My mind likes to tell me…
- Something is missing in this moment
- There’s something wrong
- It’s time to panic
- I’ll never figure things out
- I can’t be happy until x, y, and z
- I’m not good enough
- The future is something to fear
- The past is something to hold on to
- The present is something to avoid
My mind likes to tell me all those things and so much more.
I used to take it seriously. I used to let its words dictate my every emotion. But now I’m learning to listen to my mind and just…laugh. Because my mind is like a perpetually paranoid and overdramatic friend. It’s not trying to hurt me – it’s actually doing its best to protect me – but usually it has no idea what the hell it’s talking about. So I listen, breathe, and laugh….
One of the greatest benefits I’ve gained from practicing mindfulness is a better understanding of how my mind works. After years of being held hostage by my thoughts and emotions, I’m finally able to take a step back and look at my mind from a (somewhat) objective point of view.
What I’ve noticed recently is that my mind typically functions like a broken record, but instead of replaying the same song over and over, it likes to keep me trapped in thoughts of the past. I constantly find myself replaying old memories in my head, ruminating on failed relationships, and wishing for days of old.
This has become especially clear to me since my breakup two months ago. While the initial sting of it has long since passed, my mind still loves to remind me of everything I used to have. It doesn’t matter what I’m doing. Sitting on a bus. Writing a blog post. Trying to help students with their English pronunciation. All it takes is a single thought, or even just a feeling, to send me spiraling down the rabbit hole of past memories.
As destructive as I’ve found worrying about the future to be, I think this habit of living in the past hurts me even more. Not only does it distract me from whatever I’m doing in the present moment, it also prevents me from putting all my energy towards creating a better future for myself.
I’m starting to wonder if my constant focus on the past is just a form of self-protection, because even if it hurts to think about the past – and it usually does – there’s a certainty in it that I can’t find in the future. I don’t know what’s going to happen, who I’m going to become, and if I’ll ever be as happy in the future as I was in the past. The past has basically become my comfort zone, and it’s easier to sit and dwell on old memories than take action towards something better. It’s easier to stagnate than to move on.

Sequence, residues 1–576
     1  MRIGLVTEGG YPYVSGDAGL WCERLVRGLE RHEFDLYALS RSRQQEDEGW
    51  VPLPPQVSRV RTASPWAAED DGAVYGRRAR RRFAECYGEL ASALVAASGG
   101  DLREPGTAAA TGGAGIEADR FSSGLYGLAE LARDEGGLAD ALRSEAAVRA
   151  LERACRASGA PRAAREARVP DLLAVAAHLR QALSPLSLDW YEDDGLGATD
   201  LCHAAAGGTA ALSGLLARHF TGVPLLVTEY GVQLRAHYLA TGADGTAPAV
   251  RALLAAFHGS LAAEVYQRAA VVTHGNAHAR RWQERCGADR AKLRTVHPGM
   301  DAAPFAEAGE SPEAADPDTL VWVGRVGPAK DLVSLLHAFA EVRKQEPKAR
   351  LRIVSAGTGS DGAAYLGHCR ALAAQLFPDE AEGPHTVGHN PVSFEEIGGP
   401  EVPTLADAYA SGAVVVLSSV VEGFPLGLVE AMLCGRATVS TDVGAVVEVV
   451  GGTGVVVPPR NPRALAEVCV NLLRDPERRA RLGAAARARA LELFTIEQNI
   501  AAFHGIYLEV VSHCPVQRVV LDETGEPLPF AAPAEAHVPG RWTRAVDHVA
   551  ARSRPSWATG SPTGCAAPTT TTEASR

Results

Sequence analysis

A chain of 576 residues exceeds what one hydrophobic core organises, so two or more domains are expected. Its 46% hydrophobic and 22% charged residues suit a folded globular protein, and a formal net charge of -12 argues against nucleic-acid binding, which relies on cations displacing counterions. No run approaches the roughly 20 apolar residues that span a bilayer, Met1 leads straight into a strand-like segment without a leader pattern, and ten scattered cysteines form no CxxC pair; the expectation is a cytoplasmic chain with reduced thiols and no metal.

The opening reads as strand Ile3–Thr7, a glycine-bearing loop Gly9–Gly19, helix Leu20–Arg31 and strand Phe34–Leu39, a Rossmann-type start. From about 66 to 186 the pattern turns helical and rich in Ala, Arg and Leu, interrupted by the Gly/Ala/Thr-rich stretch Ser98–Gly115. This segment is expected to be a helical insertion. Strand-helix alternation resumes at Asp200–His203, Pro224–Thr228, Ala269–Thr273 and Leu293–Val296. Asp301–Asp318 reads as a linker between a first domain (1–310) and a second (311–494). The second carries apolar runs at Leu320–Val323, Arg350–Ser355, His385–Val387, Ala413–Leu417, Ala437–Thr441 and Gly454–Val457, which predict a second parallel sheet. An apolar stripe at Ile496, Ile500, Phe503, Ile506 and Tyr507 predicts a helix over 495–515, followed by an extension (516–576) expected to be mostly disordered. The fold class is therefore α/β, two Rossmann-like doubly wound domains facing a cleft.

Noticing my fixation on the past hasn’t done much to stop it, but it has made me ask myself two important questions. The first is, “Does thinking about the past serve me in any way? Of course not! It may give me a hollow sense of pleasure at first (similar to the high I get from indulging in negativity or gossiping), but it never brings me more happiness in the long term.
That answer leads me to question number two: How can I stop living in the past? The obvious answer is to focus on the present moment. It’s impossible to live in the past when you’re fully present to the moment. However, being present to the moment is something I struggle to do with any consistency. It may be simple but it definitely isn’t easy.
The obvious answer is to focus on the present moment. It’s impossible to live in the past when you’re fully present to the moment. However, being present to the moment is something I struggle to do with any consistency. It may be simple but it definitely isn’t easy.
Another answer that comes to mind is using a combination of awareness (mindfulness) and patience, while also having strong boundaries when it comes to my thoughts. The first two are simple. It’s only through being mindful that I can catch myself dwelling on the past. And an integral part of mindfulness is showing patience and compassion towards myself. I’m only human after all, and the nature of the human mind is to focus on the past and future. Being mad at myself for having those thoughts only makes things worse.
But what about this whole “strong boundaries” thing? What I mean by that is having the discipline to look at the thoughts I’m indulging in and simply cutting out the ones that won’t bring me true happiness. That may sound a little forced, even harsh, but I think it’s the ultimate sign of self-respect and self-love. If I truly loved myself, would I dwell on the past? Nope. Instead, I would put all my mental energy towards enjoying the present moment and creating an awesome future for myself.